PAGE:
Chronobiology and the short-term effect of air pollution on stroke incidence

Ambient air pollution is a well-known risk factor for cardiovascular disease, but data on its impact on stroke incidence, temporal variation, and mortality are limited. We aimed to investigate the association between short-term exposure to major air pollutants and incidences of stroke in north-eastern Poland. Our second purpose was to assess the association between incidence and mortality of stroke and the seasons, months, days of the week, and its correlation with particulate matters (PMs) concentrations.


What were the results on air pollution and stroke incidence?


Mean PM2.5 concentrations were 19.09 µg/m3, PM10 26.66 µg/m3, CO 0.35 µg/m3. Increase in 10 µg/m3 of PM2.5 and PM10 was related with increase in stroke frequency on the day of the exposure (OR=1.075, 95% CI 0.999-1.157, p=0.053; OR=1.056, 95% CI 1.004-1.110, p=0.035) and the impact on the stroke occurrence even a few times higher (PM2.5: OR=1.120, 95% CI 1.013-1.237, p=0.026; PM10: OR=1.103, 95% CI 1.028-1.182, p=0.006). On the other hand, increase in 1ug/m3 of CO was related with lower stroke occurrence on LAG 2 (OR=0.976, 95% CI 0.953-0.998, p=0.037) and higher on LAG 3 (OR=1.026, 95% CI 1.004-1.049, p=0.022).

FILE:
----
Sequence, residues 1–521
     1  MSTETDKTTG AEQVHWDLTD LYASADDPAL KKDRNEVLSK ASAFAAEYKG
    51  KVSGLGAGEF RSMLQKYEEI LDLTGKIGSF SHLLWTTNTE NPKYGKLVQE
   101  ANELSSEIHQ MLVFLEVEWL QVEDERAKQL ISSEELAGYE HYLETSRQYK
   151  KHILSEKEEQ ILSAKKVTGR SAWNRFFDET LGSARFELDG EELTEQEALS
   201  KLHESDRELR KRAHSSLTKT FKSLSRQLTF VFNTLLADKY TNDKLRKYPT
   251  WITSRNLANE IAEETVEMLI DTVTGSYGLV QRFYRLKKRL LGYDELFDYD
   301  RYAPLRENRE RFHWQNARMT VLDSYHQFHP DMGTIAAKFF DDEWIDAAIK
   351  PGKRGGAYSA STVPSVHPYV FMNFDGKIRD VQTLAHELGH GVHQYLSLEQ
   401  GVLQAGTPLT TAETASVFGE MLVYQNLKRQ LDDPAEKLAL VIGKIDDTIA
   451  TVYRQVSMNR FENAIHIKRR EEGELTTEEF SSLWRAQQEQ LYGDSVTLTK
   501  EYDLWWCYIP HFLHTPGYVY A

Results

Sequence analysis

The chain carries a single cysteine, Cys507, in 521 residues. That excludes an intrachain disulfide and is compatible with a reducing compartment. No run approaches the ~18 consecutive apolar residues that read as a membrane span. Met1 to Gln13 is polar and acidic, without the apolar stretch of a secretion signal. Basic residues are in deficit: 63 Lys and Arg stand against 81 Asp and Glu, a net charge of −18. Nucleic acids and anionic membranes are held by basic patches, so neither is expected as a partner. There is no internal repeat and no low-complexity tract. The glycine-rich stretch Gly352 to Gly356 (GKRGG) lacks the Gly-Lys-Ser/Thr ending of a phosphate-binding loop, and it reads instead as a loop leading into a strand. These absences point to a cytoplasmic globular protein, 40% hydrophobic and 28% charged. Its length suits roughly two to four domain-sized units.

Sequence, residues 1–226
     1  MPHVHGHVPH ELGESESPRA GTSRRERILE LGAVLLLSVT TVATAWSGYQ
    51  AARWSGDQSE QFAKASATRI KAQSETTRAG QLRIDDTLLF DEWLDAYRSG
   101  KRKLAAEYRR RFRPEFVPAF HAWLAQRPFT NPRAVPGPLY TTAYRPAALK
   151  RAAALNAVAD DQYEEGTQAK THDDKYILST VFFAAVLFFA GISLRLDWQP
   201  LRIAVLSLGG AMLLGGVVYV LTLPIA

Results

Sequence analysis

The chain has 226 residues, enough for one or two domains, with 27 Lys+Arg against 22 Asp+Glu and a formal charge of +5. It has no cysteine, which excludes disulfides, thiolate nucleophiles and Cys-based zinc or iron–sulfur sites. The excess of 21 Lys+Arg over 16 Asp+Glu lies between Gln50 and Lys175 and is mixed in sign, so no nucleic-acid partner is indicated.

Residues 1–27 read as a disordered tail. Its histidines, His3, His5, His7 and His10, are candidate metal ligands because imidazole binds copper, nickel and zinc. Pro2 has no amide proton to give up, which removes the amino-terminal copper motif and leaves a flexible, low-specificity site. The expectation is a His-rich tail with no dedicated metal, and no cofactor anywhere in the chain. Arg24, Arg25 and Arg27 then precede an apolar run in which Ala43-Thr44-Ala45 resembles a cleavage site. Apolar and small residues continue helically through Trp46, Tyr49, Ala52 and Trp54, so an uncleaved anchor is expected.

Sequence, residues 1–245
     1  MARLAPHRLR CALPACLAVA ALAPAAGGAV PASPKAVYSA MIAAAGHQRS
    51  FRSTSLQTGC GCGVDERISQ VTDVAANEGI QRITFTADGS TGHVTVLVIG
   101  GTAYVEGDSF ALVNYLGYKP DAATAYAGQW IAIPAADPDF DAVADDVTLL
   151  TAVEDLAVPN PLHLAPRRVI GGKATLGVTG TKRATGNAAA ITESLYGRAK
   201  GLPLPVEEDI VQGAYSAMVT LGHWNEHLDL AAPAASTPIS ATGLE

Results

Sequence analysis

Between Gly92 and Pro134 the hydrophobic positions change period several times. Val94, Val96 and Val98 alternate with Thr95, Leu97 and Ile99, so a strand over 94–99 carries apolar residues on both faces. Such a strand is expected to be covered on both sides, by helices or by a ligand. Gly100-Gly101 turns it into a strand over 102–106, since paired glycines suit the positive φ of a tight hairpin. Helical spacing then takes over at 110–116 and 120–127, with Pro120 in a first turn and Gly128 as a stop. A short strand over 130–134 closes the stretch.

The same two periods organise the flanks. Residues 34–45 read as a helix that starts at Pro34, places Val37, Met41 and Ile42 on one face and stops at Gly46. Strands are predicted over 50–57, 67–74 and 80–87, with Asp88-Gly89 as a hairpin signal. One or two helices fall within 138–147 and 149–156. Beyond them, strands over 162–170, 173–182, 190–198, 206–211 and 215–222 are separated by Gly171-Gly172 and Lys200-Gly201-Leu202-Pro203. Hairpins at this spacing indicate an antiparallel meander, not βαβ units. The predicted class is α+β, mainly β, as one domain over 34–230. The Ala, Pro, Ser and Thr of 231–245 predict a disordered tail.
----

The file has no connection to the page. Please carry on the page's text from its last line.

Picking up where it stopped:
What were the results regarding chronobiology?


The highest number of strokes was observed in the winter season comparing to other seasons (p<0.01). The months with the highest stroke percentage were January 1.5/day (N=479) and February 1.49/day (N=419). Additionally, the daily distribution of stroke admissions was observed with the highest frequency on Mondays and Wednesdays in opposition to the weekend (p<0.01). On days with exceeded PM2.5 norms (1.37/day, N=2282 vs. 1.26/day, N=2301; p<0.01) and PM10 concentration significantly more strokes were noted 1.45/day (N=571) vs. 1.30 (N=4065; p<0.03) and higher in-hospital mortality.


What are the main findings from both analyses?


In the studied region besides PMs, the short-term influence of CO on stroke occurrence was observed. The effect was noted up to 3 days after exposure. The stroke occurrence and mortality rate were significantly greater in the winter season. The highest and the lowest frequencies of stroke incidence occurred at the beginning of the week and on weekends, respectively. Exceeded daily PMs concentration norms were associated with more admissions and a worse prognosis.

Our work was presented at 8th European Stroke Organisation Conference (ESOC) 2022.

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